Sunday, April 24, 2016

78th Annual Guild Hall Members Exhibition

The 78th Annual Guild Hall Members Exhibition opened this weekend. The show is often thought of as the opening of the Art Season on the East end and is a wonderful fundraiser for Guild Hall. Each artist pays a submission fee and if their work is sold, donates 50% of the sale price to the museum. Every member of Guild Hall is eligible to exhibit work. The show is a great example of what makes our community great.
Here are a few of the works that caught my eye.
The show is up until June 4th.
Jonah and the Metalic Whale by David C. Slater
Acrylic and Mixed Media
21" x 25" $3500
Heading West by Amy Worth
Oil on Board 
8" x 10" $550
Reflections at Towd Point by Gia Schifano
oil 12" x 24"  $575
Soft Serve Bikini Party by Jeff S. Muhs
Concrete and Bikini Bottoms
30" x 20" x 12" $15000
Peacock by Michael Weisman
Acrylic gemstones, paint on wood panel
20" x 24" $3500
Note to Self by Miles Jaffe (top right)
Metal, polymer, pigment
24" x 24" x 9" $5000
Terezin by Alan Lucks (bottom right)
Acrylic and Collage
20" x 20" $900
Temptations #3 by Gabriele T. Raacke
Acrylic on glass
19 4/8" x 12 5/8 x 7" $2300
Snow Day in Central Park by William Dodge
oil on canvas
16" x 12" $3200
Best in Class by Dina Merrill
20" x 18" $5000
Opium Pillow by Marcie Honerkamp
Styrofoam, resin, glass tiles, grout
7" x 21" x 16" $1200
And then there is....
Circle Beach by Hugh Gallagher
Oil on Canvas 
17 1/2" x 20 1/2" $600
Hugh Gallagher
Circle Beach by Gail Gallagher
oil on canvas
15 1/2" x 18 1/2 " $350
78th Annual Guild Hall Artists Members Exhibition
Organized by Stephanie deTroy Miller, Curatorial Assistant with Kristen Curcie, Special Events Associate. Installation design by Christina M. Strassfield, Museum Director/Chief Curator. Awards Juror: Jia Jia Fei Director of Digital at the Jewish Museum NY.

Saturday, April 23, 2016

Drift Music

I am particularly fond of the band Drift.
The musical group Drift is especially near and dear to my heart because two of my nephews are part of it. Extremely hard working and talented young men, they recently made it into the finals for the University of Minnesota Battle of the Bands. Here is a video filmed at the student union. Yes, I am a proud Aunt. Enjoy, and you're welcome!

Ryan Hedblom–vocals, lead guitar
Madelyn Hirschuber–vocals, piano
Grant Hedblom–bass
Russel Nelson–electric guitar
Evan Gosen–violin
Jesse Thorson–drums

To follow them on Facebook go here
To purchase listen and download music here

All photos the property of Drift

Sunday, April 17, 2016

East Hampton Windmills and Daffodils

The Hook Mill is in the heart of East Hampton.
Its prominence creates a focal point and guiding landmark.
The Old Bridge Over Hook Pond by Thomas Moran 1907
The Village has grown around the mill. Taller trees, homes and storefronts obscuring the mill's grandeur. Up close it still towers against the sky.
The Pantigo Mill is tucked behind the Home Sweet Home Museum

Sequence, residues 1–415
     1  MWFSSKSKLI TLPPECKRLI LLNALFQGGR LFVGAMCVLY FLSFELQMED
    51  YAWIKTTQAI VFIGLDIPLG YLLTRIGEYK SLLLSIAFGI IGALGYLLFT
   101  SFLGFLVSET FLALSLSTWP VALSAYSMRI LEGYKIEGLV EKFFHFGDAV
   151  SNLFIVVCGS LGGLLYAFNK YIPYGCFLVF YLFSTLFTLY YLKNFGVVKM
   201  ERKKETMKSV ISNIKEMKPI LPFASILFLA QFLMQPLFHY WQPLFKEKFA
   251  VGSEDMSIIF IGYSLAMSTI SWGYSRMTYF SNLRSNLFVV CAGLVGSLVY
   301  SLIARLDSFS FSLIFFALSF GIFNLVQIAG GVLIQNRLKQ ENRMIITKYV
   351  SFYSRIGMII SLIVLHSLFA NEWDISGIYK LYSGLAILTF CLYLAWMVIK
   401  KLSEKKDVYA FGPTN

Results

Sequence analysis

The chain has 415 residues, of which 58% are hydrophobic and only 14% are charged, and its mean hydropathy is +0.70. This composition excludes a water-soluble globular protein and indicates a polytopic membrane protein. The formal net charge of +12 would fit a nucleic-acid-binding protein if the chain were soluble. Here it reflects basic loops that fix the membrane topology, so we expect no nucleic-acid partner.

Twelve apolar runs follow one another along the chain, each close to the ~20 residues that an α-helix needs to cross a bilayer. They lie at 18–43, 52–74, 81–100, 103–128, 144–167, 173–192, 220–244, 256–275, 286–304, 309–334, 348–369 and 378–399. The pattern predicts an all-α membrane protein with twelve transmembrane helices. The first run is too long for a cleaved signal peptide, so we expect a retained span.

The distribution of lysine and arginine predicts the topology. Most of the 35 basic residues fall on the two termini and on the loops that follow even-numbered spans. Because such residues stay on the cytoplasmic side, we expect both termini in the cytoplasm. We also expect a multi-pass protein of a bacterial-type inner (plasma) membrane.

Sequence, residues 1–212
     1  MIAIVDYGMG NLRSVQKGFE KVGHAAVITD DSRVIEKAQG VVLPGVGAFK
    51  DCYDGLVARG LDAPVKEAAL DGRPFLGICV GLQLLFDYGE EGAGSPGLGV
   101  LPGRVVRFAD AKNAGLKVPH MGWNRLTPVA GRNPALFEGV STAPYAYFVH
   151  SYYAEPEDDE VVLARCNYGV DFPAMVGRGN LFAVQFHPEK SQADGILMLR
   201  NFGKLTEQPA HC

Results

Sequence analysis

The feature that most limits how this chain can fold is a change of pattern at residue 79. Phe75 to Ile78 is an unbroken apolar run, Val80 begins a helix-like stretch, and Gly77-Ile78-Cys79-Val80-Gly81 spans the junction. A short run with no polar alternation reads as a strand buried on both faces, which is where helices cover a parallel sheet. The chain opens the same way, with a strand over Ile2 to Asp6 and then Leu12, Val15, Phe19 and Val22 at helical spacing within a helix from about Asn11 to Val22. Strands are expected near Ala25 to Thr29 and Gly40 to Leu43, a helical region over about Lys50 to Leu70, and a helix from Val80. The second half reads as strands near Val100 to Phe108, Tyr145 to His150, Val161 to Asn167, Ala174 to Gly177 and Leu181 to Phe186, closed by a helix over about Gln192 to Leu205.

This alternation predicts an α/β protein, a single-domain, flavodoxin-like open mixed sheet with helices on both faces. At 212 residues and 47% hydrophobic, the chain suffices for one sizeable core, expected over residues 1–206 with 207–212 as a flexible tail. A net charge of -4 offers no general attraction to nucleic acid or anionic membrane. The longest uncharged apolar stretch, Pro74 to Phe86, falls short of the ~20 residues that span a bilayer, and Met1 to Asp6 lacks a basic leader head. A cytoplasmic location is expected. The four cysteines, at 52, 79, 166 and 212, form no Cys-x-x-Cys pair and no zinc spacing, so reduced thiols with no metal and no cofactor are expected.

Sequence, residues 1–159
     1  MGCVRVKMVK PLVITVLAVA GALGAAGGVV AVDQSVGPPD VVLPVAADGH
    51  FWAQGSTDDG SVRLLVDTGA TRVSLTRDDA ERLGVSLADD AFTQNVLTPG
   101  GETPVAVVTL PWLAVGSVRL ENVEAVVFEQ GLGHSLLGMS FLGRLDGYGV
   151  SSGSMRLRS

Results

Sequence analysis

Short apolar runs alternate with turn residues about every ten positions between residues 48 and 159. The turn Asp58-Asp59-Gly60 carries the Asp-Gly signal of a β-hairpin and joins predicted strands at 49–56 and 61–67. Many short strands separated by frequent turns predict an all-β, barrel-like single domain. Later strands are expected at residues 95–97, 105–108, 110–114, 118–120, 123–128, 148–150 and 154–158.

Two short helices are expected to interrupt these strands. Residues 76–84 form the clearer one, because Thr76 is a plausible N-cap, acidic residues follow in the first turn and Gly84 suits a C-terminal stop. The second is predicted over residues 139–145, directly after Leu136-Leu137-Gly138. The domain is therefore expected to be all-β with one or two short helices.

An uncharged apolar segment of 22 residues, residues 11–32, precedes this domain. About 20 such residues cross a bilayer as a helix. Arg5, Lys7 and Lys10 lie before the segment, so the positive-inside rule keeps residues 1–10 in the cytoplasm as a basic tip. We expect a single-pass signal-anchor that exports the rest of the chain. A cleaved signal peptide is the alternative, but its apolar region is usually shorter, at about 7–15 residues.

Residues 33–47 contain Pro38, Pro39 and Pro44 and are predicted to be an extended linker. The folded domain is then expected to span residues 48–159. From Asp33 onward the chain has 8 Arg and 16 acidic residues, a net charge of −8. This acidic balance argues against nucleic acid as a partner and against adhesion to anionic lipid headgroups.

The old house next to the Gardiner windmill is empty with an abandoned air. I peeked through the window to see a dusty and crumbling interior. On the exterior, the peeling shutters with their windmill cutouts are still charming. A post card that I discovered provides a clue to the home's long history. The image on the card is described as the "South End Windmill and Summer Home of Percy Moran". Member of the well known family of artists, Percy Moran may have summered here, but the home is part of the original Gardiner homestead. The property had been passed down by generations of the Gardiner family since the Village's founding in the 1600s until its recent sale to the town of East Hampton. How amazing is that? 
Girl with Two Baskets of Flowers
Edward Percy Moran (1862 - 1935)
oil on canvas 7 7/8 x 5 7/8
Parrish Art Museum Collection
The Gardiner Family plot is across from the homestead.
I was at Wittendale's Florist and looked up in time to see this fellow tricycling along with his dog.

Saturday, April 2, 2016

Southampton Under Siege

The British Army occupied Southampton during the Revolutionary War for seven years. I can't imagine what an eternity that must have felt like. The Southampton Historical Society's current exhibit, Southampton Under Siege, gives you a glimpse of what it was like.
In sympathy with colonial Boston after repercussions from the Boston Tea Party, virtually all of Southampton's men signed a pledge of loyalty in 1775 to the Patriot cause. When the English won the Battle of Long Island in August of 1776 the British occupation of the East end began. Many fled to Connecticut and other parts of New England, those unable to flee were forced to sign an "Oath of Allegiance" to the Crown under the threat of death. I dare say I would have signed as well.
Robert Cleverley (1749 - 1809)
National Maritime Museum via
Troops took up residence in private homes leaving occupants to seek shelter elsewhere. The East end was occupied by British and Hessian (mercenary) troops until the end of the Revolutionary War in 1783. The museum's timeline helps put it all in perspective. 
Southampton Under Siege is on exhibit until December 31, 2016
When I think of what our ancestors went through it makes the foibles of the current presidential candidates seem pretty inconsequential.
P.S. I googled up the engraving on the redcoat buttons (not military) see here